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And cats! Oh, boy, they exhibit pain in very subtle ways. You need your cat-whispering hat on your head front and center when trying to figure out what Puffers is trying to tell you when she’s ADR (ain’t doin’ right).
When your buddy cries out, you take notice. If the sound of their whimpering or purr has changed, if it’s a frightening yelp or a dull moan, it’s time for action. Same goes for no sounds. Where is the happy yip or any purr at all? Your may need your veterinarian to determine the meaning of the vocalization, but don’t ignore it.
Let’s start with our incredible canines. Many owners bring a dog in because “he has yelped in pain.” In my opinion, yelps that come intermittently from a dog, with normal behavior between the yelps, is frequently caused by neck or back pain. Think of it as an acute spasm. Many clients think this is abdominal pain, but that’s not usually the case. Rarely does a dog in abdominal pain scream out and then go back to what they were doing, like eating.
Cats do not give us as many clues as dogs do when it comes to vocalizing. Lack of happy purring and meowing is an obvious clue, but cats purr for many reasons, even stress or pain. Low growls are usually significant and mean something is wrong. Excessive vocalization, as I’ve mentioned before, is not always pain but needs to be addressed with your vet.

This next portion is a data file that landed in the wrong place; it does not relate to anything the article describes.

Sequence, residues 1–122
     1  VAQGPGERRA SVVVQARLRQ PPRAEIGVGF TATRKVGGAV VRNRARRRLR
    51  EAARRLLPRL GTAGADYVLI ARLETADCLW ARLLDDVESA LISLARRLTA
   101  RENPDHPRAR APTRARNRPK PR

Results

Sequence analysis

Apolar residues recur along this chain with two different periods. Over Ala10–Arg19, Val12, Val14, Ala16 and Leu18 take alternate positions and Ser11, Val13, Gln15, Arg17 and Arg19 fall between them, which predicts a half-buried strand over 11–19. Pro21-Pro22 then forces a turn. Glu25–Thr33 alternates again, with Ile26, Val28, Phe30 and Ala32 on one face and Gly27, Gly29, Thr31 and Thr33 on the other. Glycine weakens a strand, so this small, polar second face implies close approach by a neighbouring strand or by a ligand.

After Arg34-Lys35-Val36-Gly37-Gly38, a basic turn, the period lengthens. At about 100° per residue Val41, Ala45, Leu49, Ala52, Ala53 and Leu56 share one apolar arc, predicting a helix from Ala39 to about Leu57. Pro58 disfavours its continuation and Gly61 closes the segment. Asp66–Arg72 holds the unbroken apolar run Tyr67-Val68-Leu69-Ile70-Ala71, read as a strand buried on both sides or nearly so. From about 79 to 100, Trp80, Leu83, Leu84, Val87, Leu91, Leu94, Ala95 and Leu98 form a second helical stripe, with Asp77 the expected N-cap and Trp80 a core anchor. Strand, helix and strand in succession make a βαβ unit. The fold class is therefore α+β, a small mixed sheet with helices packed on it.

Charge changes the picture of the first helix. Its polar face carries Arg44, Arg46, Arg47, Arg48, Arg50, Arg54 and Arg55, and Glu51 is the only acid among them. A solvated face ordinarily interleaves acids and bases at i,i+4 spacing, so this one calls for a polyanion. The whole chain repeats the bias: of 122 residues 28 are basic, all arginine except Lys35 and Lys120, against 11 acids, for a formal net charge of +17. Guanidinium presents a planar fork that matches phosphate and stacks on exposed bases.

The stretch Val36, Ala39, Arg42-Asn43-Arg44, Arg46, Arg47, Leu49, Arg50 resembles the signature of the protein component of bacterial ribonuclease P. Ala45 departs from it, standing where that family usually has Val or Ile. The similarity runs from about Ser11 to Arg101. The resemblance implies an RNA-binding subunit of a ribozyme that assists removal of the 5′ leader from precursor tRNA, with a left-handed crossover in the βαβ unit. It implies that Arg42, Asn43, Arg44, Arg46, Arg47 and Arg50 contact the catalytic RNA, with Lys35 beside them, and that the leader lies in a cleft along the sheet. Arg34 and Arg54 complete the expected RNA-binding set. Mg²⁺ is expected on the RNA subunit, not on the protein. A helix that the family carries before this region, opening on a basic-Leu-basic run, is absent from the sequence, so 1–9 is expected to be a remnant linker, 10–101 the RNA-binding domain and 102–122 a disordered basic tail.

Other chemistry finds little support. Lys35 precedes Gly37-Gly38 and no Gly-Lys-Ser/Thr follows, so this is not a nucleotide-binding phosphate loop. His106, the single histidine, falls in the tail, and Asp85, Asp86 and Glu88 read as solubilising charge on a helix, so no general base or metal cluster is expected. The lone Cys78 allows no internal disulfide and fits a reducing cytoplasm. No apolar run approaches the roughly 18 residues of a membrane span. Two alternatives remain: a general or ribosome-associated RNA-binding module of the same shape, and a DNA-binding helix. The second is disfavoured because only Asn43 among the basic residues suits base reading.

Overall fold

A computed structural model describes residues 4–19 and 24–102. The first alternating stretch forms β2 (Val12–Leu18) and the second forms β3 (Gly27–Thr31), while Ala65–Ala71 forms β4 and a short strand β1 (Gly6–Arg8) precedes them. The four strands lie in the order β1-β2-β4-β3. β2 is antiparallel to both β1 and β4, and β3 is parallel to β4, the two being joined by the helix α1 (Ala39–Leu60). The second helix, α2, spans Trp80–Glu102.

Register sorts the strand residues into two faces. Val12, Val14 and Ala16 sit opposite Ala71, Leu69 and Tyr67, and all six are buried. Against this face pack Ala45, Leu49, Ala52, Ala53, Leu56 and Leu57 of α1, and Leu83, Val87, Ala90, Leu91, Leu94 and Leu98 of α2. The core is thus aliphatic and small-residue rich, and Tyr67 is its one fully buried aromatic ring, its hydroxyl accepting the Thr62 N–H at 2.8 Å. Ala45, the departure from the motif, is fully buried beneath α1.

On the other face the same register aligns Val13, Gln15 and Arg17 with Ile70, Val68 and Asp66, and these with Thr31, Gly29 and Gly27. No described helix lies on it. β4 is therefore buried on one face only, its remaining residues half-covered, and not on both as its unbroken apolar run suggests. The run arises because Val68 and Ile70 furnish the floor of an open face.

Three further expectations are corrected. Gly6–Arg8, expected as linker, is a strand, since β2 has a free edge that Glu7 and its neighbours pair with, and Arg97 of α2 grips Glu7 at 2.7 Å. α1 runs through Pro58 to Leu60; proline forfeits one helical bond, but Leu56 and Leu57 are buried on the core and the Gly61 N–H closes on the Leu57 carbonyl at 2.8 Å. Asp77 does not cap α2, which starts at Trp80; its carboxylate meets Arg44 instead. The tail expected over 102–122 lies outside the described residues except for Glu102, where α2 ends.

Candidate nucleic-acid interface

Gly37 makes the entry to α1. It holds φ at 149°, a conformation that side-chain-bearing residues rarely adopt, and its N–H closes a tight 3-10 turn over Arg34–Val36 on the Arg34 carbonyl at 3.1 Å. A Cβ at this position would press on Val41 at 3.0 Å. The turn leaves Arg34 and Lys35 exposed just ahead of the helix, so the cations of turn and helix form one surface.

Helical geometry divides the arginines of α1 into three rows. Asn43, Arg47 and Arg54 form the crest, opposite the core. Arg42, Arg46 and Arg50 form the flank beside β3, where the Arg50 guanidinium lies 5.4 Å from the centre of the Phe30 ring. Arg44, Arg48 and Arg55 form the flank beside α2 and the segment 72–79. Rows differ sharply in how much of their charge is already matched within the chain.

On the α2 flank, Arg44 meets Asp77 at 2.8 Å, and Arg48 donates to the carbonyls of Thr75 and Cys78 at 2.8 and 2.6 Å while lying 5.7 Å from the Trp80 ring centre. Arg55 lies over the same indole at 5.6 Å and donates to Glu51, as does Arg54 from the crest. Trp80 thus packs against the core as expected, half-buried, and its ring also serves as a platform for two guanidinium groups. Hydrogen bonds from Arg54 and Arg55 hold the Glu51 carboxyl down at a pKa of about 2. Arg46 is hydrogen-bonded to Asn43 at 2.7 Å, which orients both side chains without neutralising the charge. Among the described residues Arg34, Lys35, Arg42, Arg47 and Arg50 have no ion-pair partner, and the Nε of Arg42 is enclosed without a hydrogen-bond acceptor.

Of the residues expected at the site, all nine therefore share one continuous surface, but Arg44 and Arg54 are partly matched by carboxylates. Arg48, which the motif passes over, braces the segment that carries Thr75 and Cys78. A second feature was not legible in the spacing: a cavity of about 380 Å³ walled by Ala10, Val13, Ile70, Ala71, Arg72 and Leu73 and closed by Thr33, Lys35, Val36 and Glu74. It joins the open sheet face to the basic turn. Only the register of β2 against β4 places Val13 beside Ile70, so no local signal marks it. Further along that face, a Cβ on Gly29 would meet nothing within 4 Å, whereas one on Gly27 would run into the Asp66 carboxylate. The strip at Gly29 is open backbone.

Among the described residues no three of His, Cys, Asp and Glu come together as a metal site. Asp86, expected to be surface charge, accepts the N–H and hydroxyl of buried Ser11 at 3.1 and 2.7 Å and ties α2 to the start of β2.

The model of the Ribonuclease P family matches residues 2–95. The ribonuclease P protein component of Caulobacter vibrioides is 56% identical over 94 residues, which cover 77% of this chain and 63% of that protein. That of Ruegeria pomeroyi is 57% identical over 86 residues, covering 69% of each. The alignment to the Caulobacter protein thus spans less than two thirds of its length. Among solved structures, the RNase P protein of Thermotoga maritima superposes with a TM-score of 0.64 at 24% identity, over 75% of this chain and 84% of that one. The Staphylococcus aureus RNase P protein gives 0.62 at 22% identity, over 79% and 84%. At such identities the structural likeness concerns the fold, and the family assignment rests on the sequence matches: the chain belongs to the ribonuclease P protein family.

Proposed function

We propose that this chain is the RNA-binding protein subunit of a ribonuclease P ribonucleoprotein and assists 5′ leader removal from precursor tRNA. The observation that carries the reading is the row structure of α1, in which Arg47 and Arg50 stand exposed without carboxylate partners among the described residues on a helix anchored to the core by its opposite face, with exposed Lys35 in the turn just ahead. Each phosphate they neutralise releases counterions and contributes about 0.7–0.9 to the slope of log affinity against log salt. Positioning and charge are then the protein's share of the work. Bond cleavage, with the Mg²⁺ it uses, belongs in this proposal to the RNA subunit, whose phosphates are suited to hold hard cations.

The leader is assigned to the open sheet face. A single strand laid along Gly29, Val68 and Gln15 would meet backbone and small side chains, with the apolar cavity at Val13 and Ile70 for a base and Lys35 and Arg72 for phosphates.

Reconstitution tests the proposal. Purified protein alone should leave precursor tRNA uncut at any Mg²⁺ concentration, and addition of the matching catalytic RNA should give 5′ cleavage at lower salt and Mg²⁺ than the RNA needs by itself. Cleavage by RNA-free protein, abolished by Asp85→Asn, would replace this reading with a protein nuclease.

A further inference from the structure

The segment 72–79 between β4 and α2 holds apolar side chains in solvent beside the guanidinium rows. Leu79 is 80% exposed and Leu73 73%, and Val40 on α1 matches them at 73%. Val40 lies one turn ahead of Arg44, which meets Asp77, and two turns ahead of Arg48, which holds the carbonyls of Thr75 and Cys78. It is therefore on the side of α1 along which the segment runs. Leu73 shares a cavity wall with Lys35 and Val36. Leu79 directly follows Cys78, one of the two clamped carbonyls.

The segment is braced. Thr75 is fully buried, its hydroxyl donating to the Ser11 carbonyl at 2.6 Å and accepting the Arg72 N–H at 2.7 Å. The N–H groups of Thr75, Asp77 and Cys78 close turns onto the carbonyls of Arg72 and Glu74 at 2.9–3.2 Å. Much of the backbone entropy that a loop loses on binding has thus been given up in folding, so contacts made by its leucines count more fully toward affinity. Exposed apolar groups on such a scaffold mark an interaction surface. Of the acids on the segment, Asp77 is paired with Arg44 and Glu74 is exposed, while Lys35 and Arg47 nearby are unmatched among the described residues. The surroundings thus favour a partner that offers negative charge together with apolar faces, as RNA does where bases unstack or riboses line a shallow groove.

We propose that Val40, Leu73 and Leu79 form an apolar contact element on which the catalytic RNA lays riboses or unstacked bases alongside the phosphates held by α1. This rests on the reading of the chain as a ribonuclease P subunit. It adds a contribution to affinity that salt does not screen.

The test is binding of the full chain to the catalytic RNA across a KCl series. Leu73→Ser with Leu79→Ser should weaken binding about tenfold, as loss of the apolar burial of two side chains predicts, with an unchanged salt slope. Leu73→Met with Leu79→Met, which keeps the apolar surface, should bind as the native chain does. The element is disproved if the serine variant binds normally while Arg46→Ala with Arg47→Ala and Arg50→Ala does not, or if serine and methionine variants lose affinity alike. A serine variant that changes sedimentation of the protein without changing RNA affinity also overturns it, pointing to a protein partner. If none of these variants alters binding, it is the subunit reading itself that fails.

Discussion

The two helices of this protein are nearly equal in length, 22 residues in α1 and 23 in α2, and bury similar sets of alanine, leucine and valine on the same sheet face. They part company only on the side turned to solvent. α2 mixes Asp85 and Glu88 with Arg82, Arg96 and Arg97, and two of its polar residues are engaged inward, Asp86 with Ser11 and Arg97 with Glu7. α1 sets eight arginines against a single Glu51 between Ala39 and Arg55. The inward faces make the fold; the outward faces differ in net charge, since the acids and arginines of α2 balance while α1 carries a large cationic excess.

How your dog or cat is standing, sitting or resting can give you subtle hints that they may be experiencing pain. If their stance is off, they probably ARE “off”!
So many sources of pain are obvious in a dog, it’s simply common sense. A limp, licking a particular paw, scratching an ear: It’s almost as if your dog can talk to you in these instances.
But if your dog is standing in one position without moving, tucking in his abdomen, hunched, holding his head down, walking gingerly, these are all signs that should not be ignored. If they could talk to you, they would be saying they are in pain.
Changes in posture are so subtle in cats, but this may be one of the only ways you get a clue that something is wrong. When cats are in pain, they tend to be reclusive and stay in one position for extended periods of time. Paws tucked, hunched, eyes half closed: They may not be telling you what it is, but they are telling you to get them help.